art717-inspirations and knowledge- Heston Blumenthal

art717-inspirations and knowledge- Heston Blumenthal

Heston Marc Blumenthal born 27 May 1966) is a British celebrity chef, TV personality, and food writer. Blumenthal is regarded as a pioneer of multi-sensory cooking, food pairing, and flavor encapsulation. He came to public attention with unusual recipes, such as bacon-and-egg ice cream and snail porridge. His recipes for triple-cooked chips and soft-centered Scotch eggs have been widely imitated. He has advocated a scientific approach to cooking, for which he has been awarded honorary degrees from Reading, Bristol, and London universities and made an honorary Fellow of the Royal Society of Chemistry..

Blumenthal calls his scientific approach to cuisine “multi-sensory cooking”, arguing that eating is “one of the few activities we do that involves all of the senses simultaneously”. One of the catalysts for this culinary approach was a visit at 16 to the restaurant L’Oustau de Baumanière in Provence, which at the time had three Michelin stars. The trip prompted a passion for cooking, above all because of “the whole multisensory experience: the sound of fountains and cicadas, the heady smell of lavender, the sight of the waiters carving lamb at the table”. One of the other main inspirations for a multi-sensory style of cooking was the lack of space and opulence at the Fat Duck. “Places like the Baumaniere had a view and history and architecture that took its diners to a world of beauty and indulgence. The Fat Duck didn’t have any of that, so it had to capture the diners’ imagination in a different way – taking them to the mysteries of flavor perception and multi-sensory delight.”

The event that cemented Heston’s interest in this area was his creation of a crab ice cream to accompany a crab risotto. “People had difficulty accepting Crab Ice Cream, yet if it was renamed “Frozen Crab Bisque”, people found it more acceptable and less sweet. The phenomenon was subsequently researched by Martin Yeomans and Lucy Chambers of the University of Sussex, who served test subjects a version of Blumenthal’s ice cream flavored with smoked salmon, but told one group they would be tasting ice cream and the other that they would be tasting a frozen savory mousse. Although all consumed identical food, those eating what they thought was savory mousse found the flavor acceptable while those eating what they thought was ice cream found the taste salty and generally disgusting. For Blumenthal, this confirmed his ideas. “If something as simple as a name could make a dish appear more or less salty … what effect might other cues have on flavors and our appreciation of them?”

Jose Luiz Lopez de Zubiria

Since that point, exploring the sensory potential of food – via both research and the creation of new dishes – has been an ongoing and characteristic strand of Heston’s cooking. In 2004, working on a commission for the photographer Nick Knight, he created a Delice of Chocolate containing popping candy and took the imaginative step of arranging for diners to listen on headphones to the little explosions it made as they ate – the first time such a thing had been done.. Professor Charles Spence, head of the Crossmodal Research Laboratory at Oxford University has conducted several experiments into how our sense of sound can affect the perception of flavor. In one experiment, test subjects consumed an oyster in two halves: the first half was accompanied by maritime sounds, the second by farmyard sounds, and they were then asked to rate pleasantness and intensity of flavor. It was found that oysters eaten while listening to seaside sounds were considered significantly more pleasant. In another, similar experiment, test subjects tasted bacon-and-egg ice cream while listening to the sounds of bacon sizzling, followed by tasting it while listening to the sound of chickens clucking. The sizzling bacon sound made the bacon flavor appear more intense.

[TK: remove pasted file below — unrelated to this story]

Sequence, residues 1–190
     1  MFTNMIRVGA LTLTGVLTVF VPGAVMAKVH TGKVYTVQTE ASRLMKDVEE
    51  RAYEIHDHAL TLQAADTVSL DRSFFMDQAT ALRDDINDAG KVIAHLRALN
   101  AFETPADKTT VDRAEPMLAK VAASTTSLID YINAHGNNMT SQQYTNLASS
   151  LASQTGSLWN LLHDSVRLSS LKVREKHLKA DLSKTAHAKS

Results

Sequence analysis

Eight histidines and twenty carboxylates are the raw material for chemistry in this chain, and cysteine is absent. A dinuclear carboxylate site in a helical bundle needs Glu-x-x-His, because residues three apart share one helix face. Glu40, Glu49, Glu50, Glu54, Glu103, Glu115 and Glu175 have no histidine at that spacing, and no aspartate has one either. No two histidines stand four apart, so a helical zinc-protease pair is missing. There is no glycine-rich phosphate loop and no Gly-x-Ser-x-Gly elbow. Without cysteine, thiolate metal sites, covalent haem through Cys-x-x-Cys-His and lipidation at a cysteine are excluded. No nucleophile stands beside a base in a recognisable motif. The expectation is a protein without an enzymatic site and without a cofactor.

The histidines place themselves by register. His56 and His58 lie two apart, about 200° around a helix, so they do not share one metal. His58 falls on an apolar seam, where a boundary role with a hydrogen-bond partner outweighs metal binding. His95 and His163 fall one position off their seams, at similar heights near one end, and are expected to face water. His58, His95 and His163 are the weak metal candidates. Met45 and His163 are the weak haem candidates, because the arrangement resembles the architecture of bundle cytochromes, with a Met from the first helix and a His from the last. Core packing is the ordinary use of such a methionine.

In Blumenthal’s view, experiments such as these show that our appreciation of food is subjective, determined by information sent by the senses to the brain: “the ways in which we make sense of what we are eating and decide whether we like it or not depend to a large extent on memory and contrast. Memory provides us with a range of references – flavors, tastes, smells, sights, sounds, emotions – that we draw on continually as we eat.” His dishes, therefore, tend to be designed to appeal to the senses in concert, and through this to trigger memories, associations, and emotions.. Thus the Nitro-poached Green Tea and Lime Mousse on the Fat Duck menu is served with a spritz of ‘lime grove’ scent from an atomizer; and the Jelly of Quail dish includes among its tableware a bed of oak moss, as well as accompanied by a specially created scent of oak moss that is dispersed at the table by means of dry ice.

The most complete expression to date of his multisensory philosophy, however, is probably the dish ‘Sound of the Sea’, which first appeared on the Fat Duck menu in 2007. In this, ingredients with a distinctly oceanic character and flavor – dried kelp, hijiki seaweed, baby eels, razor clams, cockles, mussels, and sea urchins – are fashioned into a course that has the appearance of the shore’s edge, complete with sea ‘spume’ and edible sand. It is served on a glass-topped box containing real sand and accompanied by headphones relaying the sounds of seagulls and the sea by means of a small iPod (placed in a conch shell) and earphones. The idea, according to Blumenthal, was one ‘of creating a world, of transporting the diner – through sound, through food, through an integrated appeal to the senses – to another place.

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